by Wallace Stegner
Joe Allston is getting on in years, now looking back upon his life from the safety of a little house in the California coastal hills. He feels all the aches and pains of age, slippage into geriatric decay, and quiet regrets about a life that was, after all, pretty well-lived. And now, he feels still a young man trapped within the confines of an aging body. This motif will surface often in the story. Still, as a literary agent, he led a literary life of a spectator. He feels he never really lived in the passionate ways so often demanded by the literature he helped to sell. His wife offers gentle and sometimes frustrated concern for his mental well being. Stegner's depiction of Joe and Ruth's relationship is compassionate and intensely well-observed. Then, into this life drops a postcard from the past, reminding Allston of a sad soujourn in Denmark twenty years before, a healing journey after the death of his son. We read Allston's diary of that trip, and a dark tale unfolds. They had set sail on the ill-fated Stockholm (the ship which later sunk the Andrea Doria) on a stormy sea that forshadows the strange emotional turmoil that met them when they landed. Allston's tale is told as an observer, and when he becomes involved, the story is cut short. His nostalgic glance at the past, his regret, and his observations on life's choices are incredibly well told in this book. Stegner's writing is alternately biting and gentle. There is a ring of truth in so much that he has to say. The dark tale of the countess Astrid becomes, perhaps, a little too dramatic, overshadowing Allston's own story. There is a slightly surreal quality to those days in Denmark. Yet, Stegner brings the story around again and closes it with a quiet beauty. Really, this is a great book.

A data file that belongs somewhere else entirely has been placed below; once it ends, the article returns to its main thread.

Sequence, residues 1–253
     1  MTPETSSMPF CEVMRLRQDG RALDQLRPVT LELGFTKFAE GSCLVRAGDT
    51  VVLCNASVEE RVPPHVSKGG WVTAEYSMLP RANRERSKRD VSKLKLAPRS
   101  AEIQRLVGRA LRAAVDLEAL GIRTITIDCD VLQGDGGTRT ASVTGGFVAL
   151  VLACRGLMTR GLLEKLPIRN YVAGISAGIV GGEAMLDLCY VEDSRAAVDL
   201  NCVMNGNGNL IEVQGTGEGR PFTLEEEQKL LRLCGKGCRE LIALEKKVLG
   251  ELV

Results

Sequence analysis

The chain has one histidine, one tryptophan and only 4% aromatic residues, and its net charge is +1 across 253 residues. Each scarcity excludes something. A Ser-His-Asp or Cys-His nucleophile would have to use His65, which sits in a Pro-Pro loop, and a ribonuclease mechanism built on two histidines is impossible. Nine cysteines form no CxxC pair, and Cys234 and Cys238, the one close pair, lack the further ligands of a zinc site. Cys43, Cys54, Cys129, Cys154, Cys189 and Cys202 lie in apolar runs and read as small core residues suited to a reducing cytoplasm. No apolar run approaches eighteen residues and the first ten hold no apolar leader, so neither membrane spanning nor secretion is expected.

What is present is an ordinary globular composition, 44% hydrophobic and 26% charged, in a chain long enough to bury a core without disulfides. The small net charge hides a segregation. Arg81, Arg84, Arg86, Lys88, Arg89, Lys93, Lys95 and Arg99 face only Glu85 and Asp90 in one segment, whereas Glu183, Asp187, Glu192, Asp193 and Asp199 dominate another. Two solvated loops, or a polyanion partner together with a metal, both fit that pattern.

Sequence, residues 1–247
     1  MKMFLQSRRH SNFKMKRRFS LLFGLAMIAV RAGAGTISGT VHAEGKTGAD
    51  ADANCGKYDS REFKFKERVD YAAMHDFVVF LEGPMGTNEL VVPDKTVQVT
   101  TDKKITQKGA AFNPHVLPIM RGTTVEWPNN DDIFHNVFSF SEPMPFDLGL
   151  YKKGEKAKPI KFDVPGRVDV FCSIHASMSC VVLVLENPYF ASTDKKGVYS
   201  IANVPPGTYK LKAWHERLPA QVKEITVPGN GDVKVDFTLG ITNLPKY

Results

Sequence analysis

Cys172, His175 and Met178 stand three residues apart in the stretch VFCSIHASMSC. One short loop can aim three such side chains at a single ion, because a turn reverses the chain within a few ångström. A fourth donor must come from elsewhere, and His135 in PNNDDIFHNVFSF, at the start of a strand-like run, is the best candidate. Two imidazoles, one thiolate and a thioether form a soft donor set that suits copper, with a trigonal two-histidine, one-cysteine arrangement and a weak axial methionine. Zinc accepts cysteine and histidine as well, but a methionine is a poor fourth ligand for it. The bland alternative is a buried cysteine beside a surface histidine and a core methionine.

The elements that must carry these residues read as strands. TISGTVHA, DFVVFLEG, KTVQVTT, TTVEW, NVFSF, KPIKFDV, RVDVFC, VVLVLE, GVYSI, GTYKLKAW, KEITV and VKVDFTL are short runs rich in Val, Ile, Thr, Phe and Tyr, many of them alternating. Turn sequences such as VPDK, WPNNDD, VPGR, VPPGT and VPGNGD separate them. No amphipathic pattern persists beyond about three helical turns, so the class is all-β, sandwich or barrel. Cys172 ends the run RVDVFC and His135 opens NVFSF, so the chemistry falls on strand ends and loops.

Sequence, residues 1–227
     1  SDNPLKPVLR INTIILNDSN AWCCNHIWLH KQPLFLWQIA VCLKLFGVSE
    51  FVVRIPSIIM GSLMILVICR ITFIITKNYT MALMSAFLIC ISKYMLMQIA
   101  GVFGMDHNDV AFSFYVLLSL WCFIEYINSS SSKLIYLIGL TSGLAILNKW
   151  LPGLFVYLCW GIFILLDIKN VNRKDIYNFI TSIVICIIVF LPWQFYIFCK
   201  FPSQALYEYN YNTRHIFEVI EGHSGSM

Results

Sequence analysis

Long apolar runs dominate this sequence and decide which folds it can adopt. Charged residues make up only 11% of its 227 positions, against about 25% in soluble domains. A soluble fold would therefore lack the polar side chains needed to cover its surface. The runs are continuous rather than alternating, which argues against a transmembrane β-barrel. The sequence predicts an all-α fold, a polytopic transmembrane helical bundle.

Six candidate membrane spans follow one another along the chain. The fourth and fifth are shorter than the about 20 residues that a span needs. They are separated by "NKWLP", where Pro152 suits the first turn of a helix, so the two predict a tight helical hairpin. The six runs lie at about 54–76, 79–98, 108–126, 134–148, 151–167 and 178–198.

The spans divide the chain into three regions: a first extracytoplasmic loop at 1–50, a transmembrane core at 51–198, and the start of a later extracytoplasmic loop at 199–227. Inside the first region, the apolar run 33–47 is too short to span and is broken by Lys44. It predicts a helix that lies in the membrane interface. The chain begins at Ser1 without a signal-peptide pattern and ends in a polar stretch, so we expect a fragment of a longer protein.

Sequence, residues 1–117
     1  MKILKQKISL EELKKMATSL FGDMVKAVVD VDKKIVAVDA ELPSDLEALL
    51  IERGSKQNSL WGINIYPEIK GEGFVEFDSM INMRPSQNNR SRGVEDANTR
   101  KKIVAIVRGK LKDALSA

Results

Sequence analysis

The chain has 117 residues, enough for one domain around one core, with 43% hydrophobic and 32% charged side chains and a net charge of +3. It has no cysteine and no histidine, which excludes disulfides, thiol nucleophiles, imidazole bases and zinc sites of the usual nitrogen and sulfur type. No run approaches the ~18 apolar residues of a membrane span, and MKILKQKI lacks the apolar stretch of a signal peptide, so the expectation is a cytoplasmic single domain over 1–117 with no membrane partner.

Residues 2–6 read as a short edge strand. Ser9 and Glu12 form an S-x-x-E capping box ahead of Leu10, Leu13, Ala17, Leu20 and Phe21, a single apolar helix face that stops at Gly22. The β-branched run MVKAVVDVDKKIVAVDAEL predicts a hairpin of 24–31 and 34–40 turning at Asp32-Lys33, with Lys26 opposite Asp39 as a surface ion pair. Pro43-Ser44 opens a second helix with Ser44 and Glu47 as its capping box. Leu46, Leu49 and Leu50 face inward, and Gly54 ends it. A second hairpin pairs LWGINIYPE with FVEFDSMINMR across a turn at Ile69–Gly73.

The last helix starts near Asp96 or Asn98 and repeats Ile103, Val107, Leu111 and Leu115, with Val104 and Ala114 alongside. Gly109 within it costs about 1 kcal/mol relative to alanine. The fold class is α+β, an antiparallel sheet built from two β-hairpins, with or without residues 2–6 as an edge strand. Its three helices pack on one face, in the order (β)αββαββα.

(For this book, Stegner won the 1977 National Book Award for fiction, and deserved it.)
[Mail John][To List]